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Steadying an unsteady headboard
October 30, 2011 9:39 PM   Subscribe

How to secure my headboard in a more sturdy fashion.

I just bought a king-sized headboard for a king-sized bed. Just the headboard, no footboard or siderails. I have a metal frame on which the bed rests. The board was a closeout from a company going out of business, so no help will be available there.

I have modification plates, which the young guy who delivered the headboard said I would only use one. So I attached the headboard to the corner bracket on one side and used the modi-plate on the other. The issue is that on the modi-plate side, the headboard is still pretty wiggly. It is not as securely fastened because the board is about 4-6 inches too long and the plate has to make up for the difference.

I am looking for ideas for making the headboard more secure, or if you have used these kinds of plates before, do you have any specific tricks for using them?
posted by oflinkey to Home & Garden (10 answers total)
 
I've never had luck attaching a headboard to a metal frame. Assuming it works with the geometry of your space and the conditions of your lease, your best option is actually mounting the headboard to the wall and pushing the bed frame up against it. It will appear to be attached to the bed, and will not budge, no matter what kind of gymnastics you are performing in the sack. Ahem. Not that I would know anything about that.
posted by Rock Steady at 9:57 PM on October 30, 2011


I agree with Rock Steady. Attach it to the wall. Even if you attach it securely to the frame, every time to bed moves the headboard is likely to scuff or dent the wall.
posted by bonobothegreat at 10:08 PM on October 30, 2011


I'm curious...how have you attached boards to the wall?
posted by oflinkey at 10:12 PM on October 30, 2011


Given that the slots in the plate allow for plenty of lateral movement, I'd try putting one on each side and see if that will work.

Also, are the bolts good and tight and were you given appropriate sized washers to go with everything? Try putting a washer on both sides of the frame/plate sandwich and then tighten the nut and see if that helps.
posted by Kid Charlemagne at 10:54 PM on October 30, 2011


Agreeing that attaching it to the frame will always result in a wobbly headboard, because there's effectively just one point of attachment around which the board can rotate. The headboard is meant to be part of a bed with side rails and a footboard, and even that setup can be wobbly.

To attach to wall — it really depends on the construction of the headboard, but you'll want to screw something like 2x4's vertically to the wall, into studs or masonry, whatever is there. These will space the board out from the wall and the baseboard. Place them where they won't be visible from the side of the headboard. Then attach the headboard to those verticals. You might have to screw another spacer to some part of the headboard so they can meet. You could use glue (but that makes it hard to remove), or mounting brackets (inquire at the hardware store). The main thing is to have it solidly attached with screws, brackets or glue along at least one foot vertical distance to avoid wobbling.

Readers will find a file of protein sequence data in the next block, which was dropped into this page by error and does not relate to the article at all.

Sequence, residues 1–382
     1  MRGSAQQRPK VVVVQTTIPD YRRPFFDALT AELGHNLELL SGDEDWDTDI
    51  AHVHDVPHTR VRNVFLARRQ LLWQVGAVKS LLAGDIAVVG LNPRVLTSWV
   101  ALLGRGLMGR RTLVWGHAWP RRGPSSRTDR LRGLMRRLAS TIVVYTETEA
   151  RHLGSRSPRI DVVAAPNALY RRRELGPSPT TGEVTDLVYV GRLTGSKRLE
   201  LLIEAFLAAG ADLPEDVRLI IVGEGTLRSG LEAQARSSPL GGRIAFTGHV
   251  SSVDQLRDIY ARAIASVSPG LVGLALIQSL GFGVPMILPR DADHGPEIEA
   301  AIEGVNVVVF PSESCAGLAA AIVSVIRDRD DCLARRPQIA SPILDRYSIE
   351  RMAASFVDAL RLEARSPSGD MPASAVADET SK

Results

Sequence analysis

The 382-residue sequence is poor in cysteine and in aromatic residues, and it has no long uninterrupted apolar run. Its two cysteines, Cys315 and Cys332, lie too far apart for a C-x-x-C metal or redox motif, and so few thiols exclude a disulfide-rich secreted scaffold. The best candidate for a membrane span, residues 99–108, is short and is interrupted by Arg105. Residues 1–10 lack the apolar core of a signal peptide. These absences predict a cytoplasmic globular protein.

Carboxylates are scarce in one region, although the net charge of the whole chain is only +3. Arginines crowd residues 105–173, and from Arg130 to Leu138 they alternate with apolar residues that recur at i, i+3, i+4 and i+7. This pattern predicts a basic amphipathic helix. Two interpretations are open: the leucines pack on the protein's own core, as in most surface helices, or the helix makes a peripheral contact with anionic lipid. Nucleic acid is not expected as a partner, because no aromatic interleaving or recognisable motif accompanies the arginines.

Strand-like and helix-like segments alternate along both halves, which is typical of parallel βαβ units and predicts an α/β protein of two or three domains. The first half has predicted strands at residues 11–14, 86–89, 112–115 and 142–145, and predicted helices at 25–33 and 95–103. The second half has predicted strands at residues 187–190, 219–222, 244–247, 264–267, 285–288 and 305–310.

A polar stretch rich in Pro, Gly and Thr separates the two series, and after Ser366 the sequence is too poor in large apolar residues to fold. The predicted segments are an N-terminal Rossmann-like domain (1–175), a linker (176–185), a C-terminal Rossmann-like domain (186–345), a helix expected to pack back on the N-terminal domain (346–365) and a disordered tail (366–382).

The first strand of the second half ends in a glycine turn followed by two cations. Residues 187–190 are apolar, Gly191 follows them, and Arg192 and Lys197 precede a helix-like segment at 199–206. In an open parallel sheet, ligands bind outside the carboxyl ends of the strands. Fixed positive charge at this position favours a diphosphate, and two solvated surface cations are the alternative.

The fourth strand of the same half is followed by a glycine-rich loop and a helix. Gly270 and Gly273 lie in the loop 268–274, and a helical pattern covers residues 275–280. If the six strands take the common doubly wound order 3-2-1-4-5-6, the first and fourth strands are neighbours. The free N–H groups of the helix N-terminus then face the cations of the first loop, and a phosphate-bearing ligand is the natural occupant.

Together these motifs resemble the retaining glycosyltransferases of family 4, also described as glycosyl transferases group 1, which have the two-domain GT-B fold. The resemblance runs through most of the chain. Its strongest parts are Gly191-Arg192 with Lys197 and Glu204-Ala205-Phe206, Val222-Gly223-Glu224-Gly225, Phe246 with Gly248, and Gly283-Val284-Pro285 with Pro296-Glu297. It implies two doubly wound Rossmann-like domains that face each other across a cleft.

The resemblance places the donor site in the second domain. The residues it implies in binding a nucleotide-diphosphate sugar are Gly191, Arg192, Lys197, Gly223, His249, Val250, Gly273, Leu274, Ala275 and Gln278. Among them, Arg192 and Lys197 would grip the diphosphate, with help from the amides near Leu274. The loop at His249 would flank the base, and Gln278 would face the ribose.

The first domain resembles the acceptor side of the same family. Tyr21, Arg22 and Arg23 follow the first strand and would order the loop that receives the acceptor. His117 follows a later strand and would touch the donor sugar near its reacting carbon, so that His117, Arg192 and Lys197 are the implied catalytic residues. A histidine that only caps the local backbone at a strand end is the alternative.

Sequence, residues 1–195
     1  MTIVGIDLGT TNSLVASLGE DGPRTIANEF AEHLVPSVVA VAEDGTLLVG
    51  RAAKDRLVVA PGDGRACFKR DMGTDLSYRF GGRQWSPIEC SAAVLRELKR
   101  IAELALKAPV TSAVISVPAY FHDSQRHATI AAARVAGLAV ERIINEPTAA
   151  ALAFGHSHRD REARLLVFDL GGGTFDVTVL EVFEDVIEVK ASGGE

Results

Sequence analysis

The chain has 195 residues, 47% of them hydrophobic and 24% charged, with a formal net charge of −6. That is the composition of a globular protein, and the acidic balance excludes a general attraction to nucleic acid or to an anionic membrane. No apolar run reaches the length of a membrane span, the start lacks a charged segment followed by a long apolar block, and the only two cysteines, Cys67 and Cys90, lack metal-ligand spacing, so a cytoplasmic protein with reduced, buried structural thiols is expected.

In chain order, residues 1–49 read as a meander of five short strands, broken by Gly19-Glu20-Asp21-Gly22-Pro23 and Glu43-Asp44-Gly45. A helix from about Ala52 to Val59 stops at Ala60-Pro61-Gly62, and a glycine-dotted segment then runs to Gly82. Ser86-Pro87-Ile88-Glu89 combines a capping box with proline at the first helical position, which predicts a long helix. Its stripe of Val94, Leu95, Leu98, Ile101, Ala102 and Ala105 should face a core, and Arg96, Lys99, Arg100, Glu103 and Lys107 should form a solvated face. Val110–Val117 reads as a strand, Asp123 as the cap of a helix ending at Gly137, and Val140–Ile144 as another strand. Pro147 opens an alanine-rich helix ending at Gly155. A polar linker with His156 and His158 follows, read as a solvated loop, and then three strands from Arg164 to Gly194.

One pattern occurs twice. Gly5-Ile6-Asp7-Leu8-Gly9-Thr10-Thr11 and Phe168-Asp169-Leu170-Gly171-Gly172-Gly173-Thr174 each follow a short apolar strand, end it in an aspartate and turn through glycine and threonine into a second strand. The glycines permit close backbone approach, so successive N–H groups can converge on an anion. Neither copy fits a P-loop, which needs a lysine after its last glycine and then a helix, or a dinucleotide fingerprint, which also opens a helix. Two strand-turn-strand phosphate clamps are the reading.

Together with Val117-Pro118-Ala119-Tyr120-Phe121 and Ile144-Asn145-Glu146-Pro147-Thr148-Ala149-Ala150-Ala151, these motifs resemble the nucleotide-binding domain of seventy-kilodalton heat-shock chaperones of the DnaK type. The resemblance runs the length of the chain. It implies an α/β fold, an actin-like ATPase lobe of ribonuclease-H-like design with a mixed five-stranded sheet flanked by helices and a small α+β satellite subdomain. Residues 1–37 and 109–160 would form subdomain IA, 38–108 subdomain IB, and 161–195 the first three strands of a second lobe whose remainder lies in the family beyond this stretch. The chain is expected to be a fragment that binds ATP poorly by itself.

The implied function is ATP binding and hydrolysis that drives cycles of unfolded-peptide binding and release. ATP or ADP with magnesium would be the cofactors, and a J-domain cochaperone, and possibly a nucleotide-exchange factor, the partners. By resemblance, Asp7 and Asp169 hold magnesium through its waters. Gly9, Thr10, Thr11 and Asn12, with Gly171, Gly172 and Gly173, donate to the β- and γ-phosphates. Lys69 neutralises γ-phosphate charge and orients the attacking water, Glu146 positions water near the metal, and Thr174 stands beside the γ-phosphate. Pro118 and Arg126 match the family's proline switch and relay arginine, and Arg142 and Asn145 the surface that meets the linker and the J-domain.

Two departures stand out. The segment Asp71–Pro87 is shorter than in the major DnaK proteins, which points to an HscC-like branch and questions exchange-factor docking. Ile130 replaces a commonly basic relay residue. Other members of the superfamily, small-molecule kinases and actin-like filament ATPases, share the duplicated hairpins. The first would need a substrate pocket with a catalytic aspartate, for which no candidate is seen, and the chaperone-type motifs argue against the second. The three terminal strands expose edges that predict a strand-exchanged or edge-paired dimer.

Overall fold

posted by beagle at 6:23 AM on October 31, 2011


The best way to attach a headboard to the wall is a french cleat. DIY or storebought (in this case Rockler) equivalent flush mounting brackets.

If you are going to attach to the bed, it should be at multiple points going vertically up the bed foot and corner. Its almost impossible to stabilize with only one bracket.
posted by RandlePatrickMcMurphy at 7:42 AM on October 31, 2011


Seems like a french cleat would work best if your headboard didn't have legs. Then it hangs on the wall just like a cabinet. Pretty tricky to get everything lined up and square, especially if the floor is uneven.

When I connected mine to the bedroom wall, I attached a strip of 2x2 scrap to the wall, then used angle brackets to connect the headboard to the cleat.

Not as elegant as a french cleat, but easier to install.

What I could really use is an elegant way to connect a standard steel bed rail to a wood bed frame leg...
posted by notyou at 8:17 AM on October 31, 2011


The headboard we mounted to a wall was flat on the back and fairly thin and light, so we just screwed it into the drywall -- I'm not even sure we got it into studs -- with nice long screws. Some kind of cleat seems to be the best option, but it does depend on the construction of the headboard. I could see a sleigh bed type headboard being very hard to wall mount. Maybe post a little more info about it or some pics and we can give you ideas?
posted by Rock Steady at 10:15 AM on October 31, 2011 [1 favorite]


I will have to look at the back of the headboard again. It does have legs, and I remember it not being as flat as the front. There is a strips of wood across the back which run vertical, binding the planks that make up the front. They are only about 1.5 inches wide, so I am not sure that they would support a bracket. The good news is even with the froo at the top, the headboard would sit flush against a wall, and my floor is as even as floors get.

Thank you all!
posted by oflinkey at 10:48 AM on October 31, 2011


There are strips of wood...sorry.
posted by oflinkey at 10:49 AM on October 31, 2011


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